Børge Mogensen (1914 - 1972)
Born in Aalto, Denmark in 1914, Børge Mogensen became a cabinetmaker in 1934 and went onto study furniture design at the College of Arts & Crafts in Copenhagen from 1935-38, and then at the Furniture School of the Royal Academy of Fine Arts from 1938-41 where he was apprenticed with Kaare Klimt. Klint had been very impressed with Shaker furniture from America because its utilitarian premises echoed the functionalism that had taken hold among designers and architects in Europe. Mogensen embraced similar ideas in turn.
He was the head of FDB's furniture design studio from 1942-50, leaving to found his own design studio.
Many think that Mogensen’s chairs are based on Shaker prototypes. His “J39,” a wooden, four-legged, single slat backed design is a good example. It resembles the “low ladder back” chairs of Shaker origin. Additionally, Mogensen’s “trestle table” complements his chairs, and is called by Christian Becksvoort a “redefined Shaker classic.” These designs were related to Mogensen’s involvement with the Danish Cooperative Wholesale Societies’ efforts to create simple, attractive furniture for everyday use. This type of furniture was very popular among people who were not interested in designs exhibiting significant modernist influences. Other of his work is also worth noting like the “Spanish” chair, which was praised for its style. Thus, Mogensen was a significant interpreter of the traditional forms even in the midst of modernizing and revolutionary changes in production and design.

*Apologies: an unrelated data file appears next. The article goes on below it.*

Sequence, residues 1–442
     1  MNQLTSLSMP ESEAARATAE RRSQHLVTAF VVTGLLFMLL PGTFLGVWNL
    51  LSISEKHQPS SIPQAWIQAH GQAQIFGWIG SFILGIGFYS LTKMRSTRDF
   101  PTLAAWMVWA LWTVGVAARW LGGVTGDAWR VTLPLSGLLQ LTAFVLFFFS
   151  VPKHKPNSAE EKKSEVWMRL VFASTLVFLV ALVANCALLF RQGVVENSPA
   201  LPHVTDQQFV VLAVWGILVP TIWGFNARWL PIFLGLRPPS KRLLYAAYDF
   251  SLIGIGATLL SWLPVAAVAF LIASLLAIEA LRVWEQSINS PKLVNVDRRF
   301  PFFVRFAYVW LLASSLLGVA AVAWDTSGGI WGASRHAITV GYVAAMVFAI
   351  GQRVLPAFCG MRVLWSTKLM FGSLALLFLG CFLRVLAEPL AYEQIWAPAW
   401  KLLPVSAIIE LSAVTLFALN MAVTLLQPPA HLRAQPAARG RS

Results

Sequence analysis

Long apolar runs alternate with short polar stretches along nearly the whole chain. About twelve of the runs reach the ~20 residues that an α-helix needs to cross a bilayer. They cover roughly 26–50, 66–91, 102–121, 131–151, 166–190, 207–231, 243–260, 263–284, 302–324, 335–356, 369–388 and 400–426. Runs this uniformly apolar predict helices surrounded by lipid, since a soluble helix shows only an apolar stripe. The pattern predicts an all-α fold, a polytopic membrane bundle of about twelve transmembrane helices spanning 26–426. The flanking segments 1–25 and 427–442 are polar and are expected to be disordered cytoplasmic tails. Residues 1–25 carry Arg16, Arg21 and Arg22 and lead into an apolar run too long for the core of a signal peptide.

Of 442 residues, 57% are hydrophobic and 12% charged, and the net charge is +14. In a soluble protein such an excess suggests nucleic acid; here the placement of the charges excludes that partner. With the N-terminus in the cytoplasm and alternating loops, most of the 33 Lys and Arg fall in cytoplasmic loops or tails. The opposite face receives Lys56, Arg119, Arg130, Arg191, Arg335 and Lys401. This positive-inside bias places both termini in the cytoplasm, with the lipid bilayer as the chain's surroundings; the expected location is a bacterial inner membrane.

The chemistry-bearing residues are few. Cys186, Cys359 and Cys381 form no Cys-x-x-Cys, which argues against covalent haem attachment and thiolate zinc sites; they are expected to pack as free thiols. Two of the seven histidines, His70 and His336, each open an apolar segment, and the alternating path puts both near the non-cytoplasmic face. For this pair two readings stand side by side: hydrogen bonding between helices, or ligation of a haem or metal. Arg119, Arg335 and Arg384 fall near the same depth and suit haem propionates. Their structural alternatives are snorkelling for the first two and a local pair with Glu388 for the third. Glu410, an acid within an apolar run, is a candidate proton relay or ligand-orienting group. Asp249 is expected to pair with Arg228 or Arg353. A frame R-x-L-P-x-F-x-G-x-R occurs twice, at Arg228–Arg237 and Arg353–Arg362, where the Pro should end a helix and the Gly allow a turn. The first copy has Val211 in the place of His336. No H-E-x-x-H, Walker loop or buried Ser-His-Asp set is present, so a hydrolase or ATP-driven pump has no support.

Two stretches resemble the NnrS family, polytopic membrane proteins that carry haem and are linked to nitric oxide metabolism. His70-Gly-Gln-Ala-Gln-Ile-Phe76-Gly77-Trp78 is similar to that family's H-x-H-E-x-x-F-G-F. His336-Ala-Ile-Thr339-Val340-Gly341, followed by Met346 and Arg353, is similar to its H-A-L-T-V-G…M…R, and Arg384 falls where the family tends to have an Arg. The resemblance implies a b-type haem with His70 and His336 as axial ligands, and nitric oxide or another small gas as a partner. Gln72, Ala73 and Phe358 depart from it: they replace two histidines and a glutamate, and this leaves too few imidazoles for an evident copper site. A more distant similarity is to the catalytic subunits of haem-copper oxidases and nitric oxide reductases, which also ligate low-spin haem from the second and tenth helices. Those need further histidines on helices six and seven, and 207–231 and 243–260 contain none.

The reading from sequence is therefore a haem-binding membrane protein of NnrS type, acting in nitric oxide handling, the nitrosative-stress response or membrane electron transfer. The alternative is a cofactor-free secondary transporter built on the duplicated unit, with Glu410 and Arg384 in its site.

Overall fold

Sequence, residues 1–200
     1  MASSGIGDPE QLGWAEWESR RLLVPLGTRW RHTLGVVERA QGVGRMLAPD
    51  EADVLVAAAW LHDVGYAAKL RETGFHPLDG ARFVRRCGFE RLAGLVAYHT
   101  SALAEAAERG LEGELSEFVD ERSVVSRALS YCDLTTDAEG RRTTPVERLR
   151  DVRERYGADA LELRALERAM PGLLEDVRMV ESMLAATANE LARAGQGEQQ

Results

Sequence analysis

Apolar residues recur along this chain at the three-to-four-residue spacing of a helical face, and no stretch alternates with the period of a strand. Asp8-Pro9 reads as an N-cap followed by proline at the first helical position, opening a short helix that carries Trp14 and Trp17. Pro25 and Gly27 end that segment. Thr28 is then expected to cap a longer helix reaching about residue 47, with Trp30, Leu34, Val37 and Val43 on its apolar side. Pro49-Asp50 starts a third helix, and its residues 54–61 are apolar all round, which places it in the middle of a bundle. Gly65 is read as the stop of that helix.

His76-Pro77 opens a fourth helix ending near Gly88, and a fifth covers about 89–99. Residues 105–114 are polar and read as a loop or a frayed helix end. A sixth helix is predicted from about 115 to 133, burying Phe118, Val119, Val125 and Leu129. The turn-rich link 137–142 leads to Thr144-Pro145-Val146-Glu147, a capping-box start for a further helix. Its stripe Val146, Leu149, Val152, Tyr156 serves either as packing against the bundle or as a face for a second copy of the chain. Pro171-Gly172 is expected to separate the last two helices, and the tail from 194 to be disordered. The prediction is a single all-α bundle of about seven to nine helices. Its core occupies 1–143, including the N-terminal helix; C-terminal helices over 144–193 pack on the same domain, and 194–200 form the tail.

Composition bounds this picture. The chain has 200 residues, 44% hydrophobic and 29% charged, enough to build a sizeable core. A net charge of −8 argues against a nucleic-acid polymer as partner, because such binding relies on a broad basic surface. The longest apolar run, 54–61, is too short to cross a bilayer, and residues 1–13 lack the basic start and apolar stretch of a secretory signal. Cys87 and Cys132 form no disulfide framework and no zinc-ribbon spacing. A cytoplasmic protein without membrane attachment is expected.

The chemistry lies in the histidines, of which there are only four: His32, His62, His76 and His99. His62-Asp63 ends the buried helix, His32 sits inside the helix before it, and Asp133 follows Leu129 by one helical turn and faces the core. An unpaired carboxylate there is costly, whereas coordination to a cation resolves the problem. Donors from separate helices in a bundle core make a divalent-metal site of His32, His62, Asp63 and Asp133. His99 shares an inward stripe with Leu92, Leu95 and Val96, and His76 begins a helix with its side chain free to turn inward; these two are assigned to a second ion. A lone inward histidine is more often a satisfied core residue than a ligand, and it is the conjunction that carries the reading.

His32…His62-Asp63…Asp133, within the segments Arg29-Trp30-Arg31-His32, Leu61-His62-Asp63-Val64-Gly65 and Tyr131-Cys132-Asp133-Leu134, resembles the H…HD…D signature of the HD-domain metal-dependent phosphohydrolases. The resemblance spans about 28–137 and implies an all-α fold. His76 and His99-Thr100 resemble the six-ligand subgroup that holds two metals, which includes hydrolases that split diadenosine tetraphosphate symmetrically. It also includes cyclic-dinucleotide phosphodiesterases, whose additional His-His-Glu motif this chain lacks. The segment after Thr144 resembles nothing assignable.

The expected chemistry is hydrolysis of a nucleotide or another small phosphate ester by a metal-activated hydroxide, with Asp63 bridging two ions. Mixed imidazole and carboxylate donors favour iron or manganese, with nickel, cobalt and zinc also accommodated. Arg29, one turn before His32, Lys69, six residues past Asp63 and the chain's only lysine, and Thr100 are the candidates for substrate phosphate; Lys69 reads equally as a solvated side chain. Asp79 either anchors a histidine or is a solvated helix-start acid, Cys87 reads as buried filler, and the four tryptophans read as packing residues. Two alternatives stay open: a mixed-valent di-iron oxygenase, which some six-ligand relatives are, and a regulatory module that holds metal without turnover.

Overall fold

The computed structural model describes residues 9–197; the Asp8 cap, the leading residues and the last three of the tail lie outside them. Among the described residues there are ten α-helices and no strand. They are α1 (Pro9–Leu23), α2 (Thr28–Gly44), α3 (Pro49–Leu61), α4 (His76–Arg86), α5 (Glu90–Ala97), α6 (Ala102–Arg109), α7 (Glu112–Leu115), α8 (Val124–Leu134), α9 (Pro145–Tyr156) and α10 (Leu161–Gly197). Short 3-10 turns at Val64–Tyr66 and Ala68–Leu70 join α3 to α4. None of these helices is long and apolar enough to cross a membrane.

Besides furniture, Borge Mogensen is known for tackling the problem of storage in the modern home. His research produced a detailed manual for building storage systems containing information tables for drawer and shelf dimensions based on the size, shape, and number of common household objects owned by the average family.
A related project that Mogensen worked on was a shelving system called “Oresund” that was aimed at providing storage solutions for just these kind of families. Even so, he continued to design furniture exhibiting almost every year at the Copenhagen Cabinetmaker’s Guild Exhibitions. It is in this field that he left his mark.